Domestic Abuse & Harassment
Domestic Violence and Sexual Abuse
Don't suffer in silence...
The Worcestershire Domestic and Sexual Abuse website offers help and guidance for Women, Children and Men who are or have experienced domestic or sexual abuse. It also provides information for people who know someone who may be being abused.
You don’t have to suffer in silence. Find out more through their web pages or download their Domestic Abuse and Sexual Violence Information Pack
What help can the Housing Department provide
The Housing Advice Department can provide advice, support and re-housing options if you are experiencing Domestic Abuse. Worcester City Council can offer the following services:
- Sanctuary Scheme - The Sanctuary Scheme is a grant which provides security measures for your home. For further information visit the Housing Grants Page.
- Refuge - The Housing Advice Department can try and source a refuge for you to stay.
- Housing Options - The Housing Advice Department can provide you with other housing options. Please visit the Housing Options Page for further details.
- Support - The Housing Advice Department can arrange for you to receive support if you do not feel leaving your accommodation is the best option for you.
If you require any further information about Domestic Abuse please do not hesitate to contact the Housing Advice Department. You can also find more information about Domestic Abuse by visiting the Shelter Website and by reading this Domestic Abuse Leaflet.
What is Harassment?
To be classed as harassment, offensive behaviour must happen on at least two occasions. The more times something has happened, the more likely it is to be harassment. The person accused is at fault if they know what they are doing is harassment, or if it obviously is harassment. Harassment can take a number of different forms, for example:
- Visiting your home regularly without warning, especially late at night.
- Interfering with your post.
- Sending hate mail, texts or emails or making unpleasant telephone calls.
- Threatening you.
- Harassing you because of your gender, race or sexuality.
- Stalking you.
What isn't harassment
Noise nuisance e.g. playing music loudly or operating loud machinery is not likely to be considered harassment in the eyes of the law. If you would like more information about noise nuisance then please visit the Enviromental Health Website or the Shelter Website.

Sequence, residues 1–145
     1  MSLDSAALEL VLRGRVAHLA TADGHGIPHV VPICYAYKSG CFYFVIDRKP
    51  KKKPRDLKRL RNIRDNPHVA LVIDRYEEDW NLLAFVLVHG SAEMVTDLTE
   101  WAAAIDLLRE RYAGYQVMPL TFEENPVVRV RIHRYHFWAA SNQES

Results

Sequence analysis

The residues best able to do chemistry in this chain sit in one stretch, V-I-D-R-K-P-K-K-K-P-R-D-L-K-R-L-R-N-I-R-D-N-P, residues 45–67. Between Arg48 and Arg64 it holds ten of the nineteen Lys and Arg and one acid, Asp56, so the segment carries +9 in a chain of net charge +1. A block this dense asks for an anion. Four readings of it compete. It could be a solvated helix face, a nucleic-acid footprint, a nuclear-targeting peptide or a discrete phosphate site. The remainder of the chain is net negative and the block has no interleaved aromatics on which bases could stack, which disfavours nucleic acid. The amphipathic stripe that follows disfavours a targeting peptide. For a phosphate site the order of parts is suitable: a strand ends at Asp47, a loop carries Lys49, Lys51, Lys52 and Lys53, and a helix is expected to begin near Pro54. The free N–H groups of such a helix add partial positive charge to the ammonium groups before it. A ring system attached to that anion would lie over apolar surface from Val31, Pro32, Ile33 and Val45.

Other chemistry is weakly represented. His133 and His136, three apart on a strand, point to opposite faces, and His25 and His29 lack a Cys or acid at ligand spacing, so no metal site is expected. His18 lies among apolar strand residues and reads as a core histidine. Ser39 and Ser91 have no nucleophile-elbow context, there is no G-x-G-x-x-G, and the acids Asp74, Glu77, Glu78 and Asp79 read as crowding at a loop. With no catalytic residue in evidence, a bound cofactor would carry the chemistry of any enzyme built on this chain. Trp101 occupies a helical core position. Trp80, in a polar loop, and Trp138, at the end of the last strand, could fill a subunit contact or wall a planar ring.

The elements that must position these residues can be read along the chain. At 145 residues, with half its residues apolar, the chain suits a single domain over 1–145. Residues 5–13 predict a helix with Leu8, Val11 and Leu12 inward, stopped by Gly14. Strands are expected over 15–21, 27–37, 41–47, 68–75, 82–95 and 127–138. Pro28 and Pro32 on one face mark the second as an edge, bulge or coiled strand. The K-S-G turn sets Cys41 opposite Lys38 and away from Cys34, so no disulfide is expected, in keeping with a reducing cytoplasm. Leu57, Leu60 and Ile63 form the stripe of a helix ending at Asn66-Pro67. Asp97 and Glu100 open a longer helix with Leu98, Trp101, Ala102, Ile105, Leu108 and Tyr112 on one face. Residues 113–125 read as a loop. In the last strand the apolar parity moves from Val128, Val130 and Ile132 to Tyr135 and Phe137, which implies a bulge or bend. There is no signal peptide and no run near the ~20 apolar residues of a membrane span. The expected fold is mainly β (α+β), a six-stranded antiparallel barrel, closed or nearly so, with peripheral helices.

Why does harassment occur?
It is often hard to understand why harassment happens, but it may help you to stop it if you know the reason why. Common causes include:
- Antisocial behaviour.
- Bigotry, prejudice and intolerance, by reason of race, religion, sexuality etc.
- An ex partner or ex spouse who feels aggrieved (although this may often be classed as domestic abuse please see information above)
- Mental health or substance misuse problems.
- Someone you have made a complaint about who wants to retaliate.
- Someone who is not happy about something that you are doing.
Harassment can't be justified, but in some situations there are things you can do to help resolve the problem. For example, if a neighbour threatens you because your loud music keeps him up all night, your music is part of the problem. Often more than one cause is at work. Try to understand the reason for the harassment, and that will help you to decide what is the best way of dealing with it.
Dealing with harassment
If someone is harassing you, you can take steps to stop the harassment, and the police and the Council may be able to help. If you are a tenant, your landlord will also have a duty of care towards you. You can also go to court to prevent the harassment.
You should start by taking practical steps to protect yourself. That may solve the problem, but if not, there are a lot of other things you can try. The action you take depends on what the problem is, how bad the problem is and what, if anything, you have already tried to do about it. It is always a good idea to get advice from a local advice centre like Worcester Housing And Benefit Advice Centre.
What can we do?
- Encourage you to report the situation to the police and other agencies/support workers/friends and family if not already done so.
- Signpost you to agencies who can assist you with negotiation and mediation with your neighbours and who may be able to support you.
- Speak to your landlord to see how they are trying to ensure your safety.
- Advise you on civil and criminal action you can take.
- Make recommendations on how to collect evidence against your neighbours.
- Advise you on emergency accommodation options if necessary.
- Advise you on your housing options if you feel you no longer want to remain in the property (please see the Housing Options Page for further information).
- Where there has been anti-social behaviour and neighbour disputes we will check with local Family Intervention Project to establish if either household is known to them.
- If you are a Housing Association tenant we will contact the landlord and ensure that investigations and actions are being taken under their anti-social behaviour procedures.
- Agree actions that will be taken by landlord including:
- Options to move temporarily or permanently.
- Warning the perpetrator.
- Additional security in victim's home.
- Action being taken under landlord's harassment or victim support policy.